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The actinomycetes comprise a group of procaryotes that have the ability to form Gram-positive, branching filaments of less than 1μm in diameter. The main animal pathogens in the actinomycetes are the genera Actinomyces, Nocardia and Dermatophilus.
Streptomyces species are also included in this group, and they are prolific producers of antimicrobial substances.
Morphology and Staining
These are gram-positive diphtheroid or filamentous rods, about 0.5μm in width. Branching filaments are usually found in pathological specimens. In culture, diphtheroid forms predominate.
Structure and Composition
Actinomyces species have distinctive cell wall constituents. Surface fibrils in A. viscosus may be adhesins for host cells or other bacteria. Surface antigens are related to chemotactic and mitogenic activities.
Animal Actinomyces species are capnophilic or facultative anaerobes. All require rich media, preferably containing serum or blood. No growth occurs on Sabouraud's agar. Development of macroscopic colonies may require several days at 37°C. Colonical morphology varies between and within species.
Actinomyces are catalase-negative, with the exceptions of A. viscosus and A. canis.
Actinomyces species live in the nasopharyngeal and oral mucosa, and secondarily in the gastrointestinal tract.
Actinomyces species evoke pyogranulomatous reactions by unknown mechanisms. Bacterial colonies trigger the suppurative response, and there is also granulation, mononuclear infiltration and fibrosis.
Sinus tracts carry the exudate to the outside. This often contains 'sulfur granules' which are bacterial colonies surrounded by clubs.
Diseases caused by Actinomyces species include:
- Ruminants: A. bovis causes lumpy jaw.
- Horses: Actinomyces species have been isolated from cases of Poll Evil and Fistulous Withers as well as in cases of cervical lymphadenitis.
- Dogs and cats: Actinomyces are common causes of pyonecrotic processes, usually associated with a foreign body such as a migrating grass awn. Commonly isolated species include: Actinomyces viscosus, Actinomyces hordeovulneris, A. canis, A. catuli.
- Pigs: mastitis, pneumonia and abortion have all be associated with Actinomyces infections.
Morphology and Staining
Gram-stained Nocardia species are indistinguishable from Actinomyces species. They are partially acid-fast so a Ziehl-Neelsen stain would differentiate them from Actinomyces. They alternate between the coccobacillary resting phase and the actively-growing filamentous forms.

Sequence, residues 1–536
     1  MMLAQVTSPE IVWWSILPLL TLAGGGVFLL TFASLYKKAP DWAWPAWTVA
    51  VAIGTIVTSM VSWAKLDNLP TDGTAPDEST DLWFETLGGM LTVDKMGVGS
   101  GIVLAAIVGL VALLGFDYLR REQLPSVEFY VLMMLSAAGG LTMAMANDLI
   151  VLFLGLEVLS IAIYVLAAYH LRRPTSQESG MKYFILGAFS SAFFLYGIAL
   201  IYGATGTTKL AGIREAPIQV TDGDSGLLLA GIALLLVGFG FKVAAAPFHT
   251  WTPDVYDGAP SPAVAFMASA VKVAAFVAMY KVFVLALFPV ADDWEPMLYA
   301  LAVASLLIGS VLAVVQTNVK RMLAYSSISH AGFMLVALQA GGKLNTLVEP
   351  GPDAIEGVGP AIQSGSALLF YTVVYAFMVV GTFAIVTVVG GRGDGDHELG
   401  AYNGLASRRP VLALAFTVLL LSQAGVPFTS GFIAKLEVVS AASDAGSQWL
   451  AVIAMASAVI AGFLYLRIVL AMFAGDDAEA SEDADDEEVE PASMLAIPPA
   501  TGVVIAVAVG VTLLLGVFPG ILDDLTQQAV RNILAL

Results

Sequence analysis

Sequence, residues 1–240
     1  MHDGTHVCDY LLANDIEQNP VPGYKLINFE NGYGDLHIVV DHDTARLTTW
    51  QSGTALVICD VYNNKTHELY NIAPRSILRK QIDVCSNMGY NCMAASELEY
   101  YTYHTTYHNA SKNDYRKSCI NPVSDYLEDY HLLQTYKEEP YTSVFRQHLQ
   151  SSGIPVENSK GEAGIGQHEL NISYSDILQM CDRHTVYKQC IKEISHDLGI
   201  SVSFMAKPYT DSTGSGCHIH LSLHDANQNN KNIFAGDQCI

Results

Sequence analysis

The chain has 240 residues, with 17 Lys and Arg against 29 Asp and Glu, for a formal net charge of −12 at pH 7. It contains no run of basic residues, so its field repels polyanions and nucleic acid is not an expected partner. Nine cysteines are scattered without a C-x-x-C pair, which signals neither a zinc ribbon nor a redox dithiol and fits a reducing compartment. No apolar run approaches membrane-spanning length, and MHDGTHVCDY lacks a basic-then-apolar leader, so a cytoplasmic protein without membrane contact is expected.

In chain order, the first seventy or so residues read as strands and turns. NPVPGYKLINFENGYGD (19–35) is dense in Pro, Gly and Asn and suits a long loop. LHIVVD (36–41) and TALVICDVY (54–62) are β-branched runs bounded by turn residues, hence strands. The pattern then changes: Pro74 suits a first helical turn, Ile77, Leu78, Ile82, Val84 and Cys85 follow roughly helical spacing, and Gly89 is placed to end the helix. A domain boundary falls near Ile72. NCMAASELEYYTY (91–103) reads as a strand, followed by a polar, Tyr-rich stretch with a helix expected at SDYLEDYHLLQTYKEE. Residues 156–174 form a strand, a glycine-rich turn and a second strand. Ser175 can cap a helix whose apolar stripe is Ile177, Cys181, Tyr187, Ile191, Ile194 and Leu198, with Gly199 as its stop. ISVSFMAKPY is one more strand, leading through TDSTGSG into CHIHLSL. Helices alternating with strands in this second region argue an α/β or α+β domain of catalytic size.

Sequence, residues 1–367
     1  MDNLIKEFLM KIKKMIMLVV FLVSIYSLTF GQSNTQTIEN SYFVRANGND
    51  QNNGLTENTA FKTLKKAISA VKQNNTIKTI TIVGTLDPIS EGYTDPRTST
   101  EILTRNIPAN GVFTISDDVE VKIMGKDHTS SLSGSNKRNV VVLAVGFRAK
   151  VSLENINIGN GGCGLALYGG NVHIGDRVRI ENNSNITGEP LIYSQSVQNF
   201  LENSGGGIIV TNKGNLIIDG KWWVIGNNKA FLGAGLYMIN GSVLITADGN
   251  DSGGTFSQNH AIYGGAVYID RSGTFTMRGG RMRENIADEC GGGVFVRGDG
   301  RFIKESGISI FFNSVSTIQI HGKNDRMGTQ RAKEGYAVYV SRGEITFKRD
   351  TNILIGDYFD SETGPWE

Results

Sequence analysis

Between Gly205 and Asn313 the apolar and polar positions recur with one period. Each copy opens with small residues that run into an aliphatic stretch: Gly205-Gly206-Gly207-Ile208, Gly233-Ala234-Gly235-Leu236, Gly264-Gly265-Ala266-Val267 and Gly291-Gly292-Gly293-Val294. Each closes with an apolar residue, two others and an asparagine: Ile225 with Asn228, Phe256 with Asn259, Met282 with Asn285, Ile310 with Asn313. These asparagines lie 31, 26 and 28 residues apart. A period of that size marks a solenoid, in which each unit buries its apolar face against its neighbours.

Structure and Composition
The cell wall is typical of gram-positive bacteria. It contains a high concentration of lipids. A superoxide dismutase acts as a virulence factor.
Nocardia species are obligate aerobes growing on simple media (Sabouraud's) over a wide temperature range. Colonies are opaque and variously pigmented. The colony surface, which is waxy to powdery to velvety depending on the abundance of growth, wrinkles with age. The diameter of colonies may reach several centimetres.
Biochemical activities include catalase production and acidification of various carbohydrates.
Pathogenic Nocardia species are saprophytic and found in many climates in soil and water, either as indigenous flora or as contaminants.
Nocardia species survive within phagocytic vacuoles and lead to a predominantly suppurative process. Lymph nodes are consistently involved. Exudates are serosanguinous and sometimes contain 'sulfur-granule-like' debris, which lack the microstructure of Actinomyces sulfur granules.
Diseases in different species include:
- Ruminants: mastitis, bovine farcy, pneumonia, abortion and lymphadenitis
- Horses: local or general infections due to underlying immunosuppression (EPPID), placentitis which causes abortion
- Dogs and cats: pneumonia, suppurative pleuritis with empyema, dissemination to kidneys, CNS, bones, joints
- Pigs: pneumonia, abortion, lymphadenitis
Dermatophilus congolensis is the only species, and is a gram-positive filamentous bacterium.
Morphology and Composition
The reproductive unit of the bacterium is the motile coccoid zoospore. Upon germinating, the zoospores sprout a germ tube which elongates and thickens, dividing transversely and longitudinally, forming a strand several layers thick. Multiflagellated zoospores are liberated as the strand disintegrates.
D. congolensis grows on blood media, but not on Sabouraud's agar. It is aerobic and capnophilic. Haemolytic colonies develop within 48 hours and vary from mucoid to viscous and waxy and whitish-grey to yellow. Catalase, urease and proteases are produced. The bacterium survives well in the soil and on fomites.
D. congolensis does not multiply saprophytically. Its reservoir is infected animals. Cattle, sheep, goats and horses are common hosts but it has been diagnosed in many other animals.
It causes an exudative dermatitis, with activity confined to the living epidermis. There is a scab consisting of layers of neutrophilic exudate and keratinising epidermis. Wetting favours expansion of the lesions.
These are not pathogenic but are similar to Nocardia species in cultures. Some species produce antibiotics, and they are common laboratory contaminants.
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Quinn, P. (1994) Clinical veterinary microbiology Elsevier Health Sciences
Hirsh, D. (2004) Veterinary microbiology Wiley-Blackwell
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